Alfred Delp was modern in another sense, too. He was very much taken up with the new humanism that was sweeping the Church in the pre-war years, as it would in the years before and after the Second Vatican Council, which he never saw. This humanism we must never lose sight of because it was forged in an age of so much human suffering which gives it a peculiar authority. It stressed the importance of the human person, the individual human person, the uniqueness and dignity of each person and the wonder of each person as God’s creation in God’s own likeness.
In his studies, Alfred became an expert in the social teaching of the Church, that ‘best kept secret’ of our Catholic tradition, and he was doing all this in the mid-thirties when his homeland was in the grip of Hitler and the Nazis. He did all this at a time when the totalitarianism of Russia and his own country emphasised ‘mass-man’ and put the rights and dignity of the individual at the service of the State.
Alfred was ordained priest in 1937 and after a while was sent to be pastor of a church that the Jesuits had responsibility for in Munich. In 1941, the Nazis produced a propaganda film, explaining their policy of euthanasia, the ‘mercy killing’ of the handicapped. From his pulpit he denounced the film. He spoke of the importance of those living with disability, both as individuals and in terms of their significance in the community, and their significance in calling forth the best of human qualities – God-like qualities – in the rest of us.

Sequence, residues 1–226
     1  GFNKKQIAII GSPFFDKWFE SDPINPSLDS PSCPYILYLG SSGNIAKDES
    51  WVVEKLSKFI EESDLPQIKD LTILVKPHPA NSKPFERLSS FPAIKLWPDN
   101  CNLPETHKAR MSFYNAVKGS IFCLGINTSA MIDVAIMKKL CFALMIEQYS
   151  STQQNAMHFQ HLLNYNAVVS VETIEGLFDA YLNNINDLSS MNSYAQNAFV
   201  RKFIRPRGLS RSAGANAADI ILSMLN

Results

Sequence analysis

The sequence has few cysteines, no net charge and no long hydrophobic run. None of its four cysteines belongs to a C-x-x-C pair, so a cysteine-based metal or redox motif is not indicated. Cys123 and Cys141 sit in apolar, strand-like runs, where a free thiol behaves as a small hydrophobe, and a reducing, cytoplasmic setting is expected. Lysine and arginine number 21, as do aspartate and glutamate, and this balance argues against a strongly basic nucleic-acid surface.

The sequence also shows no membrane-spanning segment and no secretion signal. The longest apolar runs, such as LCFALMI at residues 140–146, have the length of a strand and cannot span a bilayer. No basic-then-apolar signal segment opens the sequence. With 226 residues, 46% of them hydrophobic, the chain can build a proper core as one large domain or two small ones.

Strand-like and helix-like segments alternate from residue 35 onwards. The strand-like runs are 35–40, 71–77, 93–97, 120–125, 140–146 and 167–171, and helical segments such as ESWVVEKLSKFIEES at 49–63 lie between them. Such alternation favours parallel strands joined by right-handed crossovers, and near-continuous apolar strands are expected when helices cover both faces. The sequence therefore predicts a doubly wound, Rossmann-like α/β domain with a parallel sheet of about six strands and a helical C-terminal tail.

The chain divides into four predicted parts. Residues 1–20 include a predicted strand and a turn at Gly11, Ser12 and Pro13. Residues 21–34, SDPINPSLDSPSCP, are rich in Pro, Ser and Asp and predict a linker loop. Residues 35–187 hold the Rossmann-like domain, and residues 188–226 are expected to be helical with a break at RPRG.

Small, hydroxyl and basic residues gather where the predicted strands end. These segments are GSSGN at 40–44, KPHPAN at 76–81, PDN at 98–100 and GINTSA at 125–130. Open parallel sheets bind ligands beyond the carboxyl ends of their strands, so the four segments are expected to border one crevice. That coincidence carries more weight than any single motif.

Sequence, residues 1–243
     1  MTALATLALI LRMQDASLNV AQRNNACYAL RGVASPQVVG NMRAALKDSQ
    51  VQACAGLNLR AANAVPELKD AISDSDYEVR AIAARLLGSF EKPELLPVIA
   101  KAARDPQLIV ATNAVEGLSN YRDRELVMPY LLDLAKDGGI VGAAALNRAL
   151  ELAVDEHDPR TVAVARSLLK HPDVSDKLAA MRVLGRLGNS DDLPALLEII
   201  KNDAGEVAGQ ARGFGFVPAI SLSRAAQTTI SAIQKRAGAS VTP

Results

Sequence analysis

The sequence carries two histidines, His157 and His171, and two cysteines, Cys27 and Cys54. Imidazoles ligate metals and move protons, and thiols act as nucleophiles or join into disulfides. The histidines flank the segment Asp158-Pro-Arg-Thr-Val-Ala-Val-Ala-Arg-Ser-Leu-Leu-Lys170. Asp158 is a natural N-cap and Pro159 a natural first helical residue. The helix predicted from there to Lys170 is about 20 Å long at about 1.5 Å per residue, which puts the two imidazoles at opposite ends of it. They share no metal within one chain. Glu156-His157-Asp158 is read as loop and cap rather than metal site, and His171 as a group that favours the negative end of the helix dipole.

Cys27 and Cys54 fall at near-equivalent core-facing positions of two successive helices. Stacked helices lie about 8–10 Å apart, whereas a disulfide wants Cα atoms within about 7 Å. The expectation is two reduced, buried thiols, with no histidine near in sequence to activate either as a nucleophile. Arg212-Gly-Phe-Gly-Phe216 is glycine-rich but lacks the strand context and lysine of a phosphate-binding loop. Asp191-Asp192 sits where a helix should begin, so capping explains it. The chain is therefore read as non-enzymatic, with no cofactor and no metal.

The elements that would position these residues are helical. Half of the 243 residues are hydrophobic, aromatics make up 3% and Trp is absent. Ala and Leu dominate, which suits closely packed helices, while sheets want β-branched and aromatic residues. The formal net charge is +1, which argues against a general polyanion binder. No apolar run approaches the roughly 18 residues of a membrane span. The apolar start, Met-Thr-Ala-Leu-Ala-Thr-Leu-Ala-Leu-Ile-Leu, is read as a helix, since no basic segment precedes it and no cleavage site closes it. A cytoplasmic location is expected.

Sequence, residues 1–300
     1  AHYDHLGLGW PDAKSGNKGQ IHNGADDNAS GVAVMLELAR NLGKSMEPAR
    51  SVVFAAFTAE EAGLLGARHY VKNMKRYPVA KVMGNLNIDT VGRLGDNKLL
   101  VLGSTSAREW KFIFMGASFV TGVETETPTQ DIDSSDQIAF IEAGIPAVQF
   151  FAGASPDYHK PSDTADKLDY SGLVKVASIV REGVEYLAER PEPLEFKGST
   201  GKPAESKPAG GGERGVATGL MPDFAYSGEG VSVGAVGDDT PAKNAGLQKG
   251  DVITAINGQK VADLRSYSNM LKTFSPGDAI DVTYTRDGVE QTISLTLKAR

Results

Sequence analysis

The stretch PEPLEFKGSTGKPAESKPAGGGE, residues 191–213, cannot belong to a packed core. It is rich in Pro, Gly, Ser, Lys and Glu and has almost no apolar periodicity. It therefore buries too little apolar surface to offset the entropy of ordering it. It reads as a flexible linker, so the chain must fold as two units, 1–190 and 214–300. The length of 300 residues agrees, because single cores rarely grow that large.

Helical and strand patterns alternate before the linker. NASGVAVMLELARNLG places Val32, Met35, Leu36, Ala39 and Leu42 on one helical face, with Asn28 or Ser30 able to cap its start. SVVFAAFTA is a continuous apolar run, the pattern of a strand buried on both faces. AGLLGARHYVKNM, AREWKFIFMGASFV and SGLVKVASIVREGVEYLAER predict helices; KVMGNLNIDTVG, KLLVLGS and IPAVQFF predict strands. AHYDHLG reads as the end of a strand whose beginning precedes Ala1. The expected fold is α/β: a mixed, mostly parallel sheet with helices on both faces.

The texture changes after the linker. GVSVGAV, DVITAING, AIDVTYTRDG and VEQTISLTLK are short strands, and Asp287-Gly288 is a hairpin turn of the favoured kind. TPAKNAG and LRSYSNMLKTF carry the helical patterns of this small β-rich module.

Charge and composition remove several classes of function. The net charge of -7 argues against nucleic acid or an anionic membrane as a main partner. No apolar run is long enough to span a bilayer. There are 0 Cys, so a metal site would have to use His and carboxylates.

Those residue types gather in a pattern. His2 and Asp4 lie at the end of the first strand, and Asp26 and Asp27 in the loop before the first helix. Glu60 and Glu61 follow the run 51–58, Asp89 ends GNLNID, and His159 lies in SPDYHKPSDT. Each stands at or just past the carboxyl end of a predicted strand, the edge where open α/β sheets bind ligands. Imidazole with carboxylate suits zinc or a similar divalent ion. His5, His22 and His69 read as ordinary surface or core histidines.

Perhaps you would expect this kind of protest from a Catholic priest. Living in circumstances such as those, what else would he do? Astonishingly, to many if not to most, things didn’t seem so clear. There came a time when the German bishops wanted to produce a report condemning euthanasia and the disappearance of so many people, among them so many priests. Delp approved of a draft of the document, which was outspoken in its criticism of the regime. But the bishops were divided and feared an all-out assault on the Church. Moreover, Catholics fought in the army of the Reich so some thought this a time for patriotism. As the brave Bishop of Berlin put it, the final version ‘was dry cleaned, the spots removed and all the colour too’.
Towards the end of 1944, Delp was arrested and imprisoned. For two years he had been meeting with like-minded intellectuals, the so-called Kreisau group, planning the future of post-war Germany. He was now suspected of involvement in the assassination attempt on Hitler featured in the recent Tom Cruise movie, Valkyrie. He was charged with treason.
‘God alone suffices’
Friends brought bread and wine to Alfred in prison and he celebrated Mass. He kept the Blessed Sacrament with him always. In his laundry, his friends smuggled in a pen, ink and paper. He wrote a diary and a set of reflections on the Church and on society, which have proven extraordinarily prophetic. Writing of England all those years ago, he talked about it having lost its spirit and soul to materialism. But above all, these writings tell us of his struggle to remain committed to Christ, his temptation to compromise, his struggle to live knowing that ‘God alone suffices’, as Teresa of Avila wrote.